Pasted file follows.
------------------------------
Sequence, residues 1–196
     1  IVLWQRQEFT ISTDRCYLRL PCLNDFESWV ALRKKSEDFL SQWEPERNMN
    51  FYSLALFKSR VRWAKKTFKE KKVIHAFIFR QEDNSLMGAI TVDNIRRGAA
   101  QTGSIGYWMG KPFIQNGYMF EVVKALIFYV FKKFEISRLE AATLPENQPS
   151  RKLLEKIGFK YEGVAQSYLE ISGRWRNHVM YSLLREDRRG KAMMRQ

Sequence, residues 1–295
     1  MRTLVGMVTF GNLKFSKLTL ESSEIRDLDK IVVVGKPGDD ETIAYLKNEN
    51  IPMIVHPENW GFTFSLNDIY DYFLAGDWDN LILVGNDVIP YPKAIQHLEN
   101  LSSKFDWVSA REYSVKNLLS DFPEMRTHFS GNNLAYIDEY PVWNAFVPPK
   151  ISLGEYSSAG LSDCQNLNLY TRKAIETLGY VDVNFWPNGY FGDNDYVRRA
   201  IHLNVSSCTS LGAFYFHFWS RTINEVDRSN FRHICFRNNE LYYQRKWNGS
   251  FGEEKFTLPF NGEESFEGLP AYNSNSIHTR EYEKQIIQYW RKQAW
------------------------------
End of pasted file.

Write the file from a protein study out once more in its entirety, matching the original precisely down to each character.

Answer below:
Sequence, residues 1–196
     1  IVLWQRQEFT ISTDRCYLRL PCLNDFESWV ALRKKSEDFL SQWEPERNMN
    51  FYSLALFKSR VRWAKKTFKE KKVIHAFIFR QEDNSLMGAI TVDNIRRGAA
   101  QTGSIGYWMG KPFIQNGYMF EVVKALIFYV FKKFEISRLE AATLPENQPS
   151  RKLLEKIGFK YEGVAQSYLE ISGRWRNHVM YSLLREDRRG KAMMRQ

Sequence, residues 1–295
     1  MRTLVGMVTF GNLKFSKLTL ESSEIRDLDK IVVVGKPGDD ETIAYLKNEN
    51  IPMIVHPENW GFTFSLNDIY DYFLAGDWDN LILVGNDVIP YPKAIQHLEN
   101  LSSKFDWVSA REYSVKNLLS DFPEMRTHFS GNNLAYIDEY PVWNAFVPPK
   151  ISLGEYSSAG LSDCQNLNLY TRKAIETLGY VDVNFWPNGY FGDNDYVRRA
   201  IHLNVSSCTS LGAFYFHFWS RTINEVDRSN FRHICFRNNE LYYQRKWNGS
   251  FGEEKFTLPF NGEESFEGLP AYNSNSIHTR EYEKQIIQYW RKQAW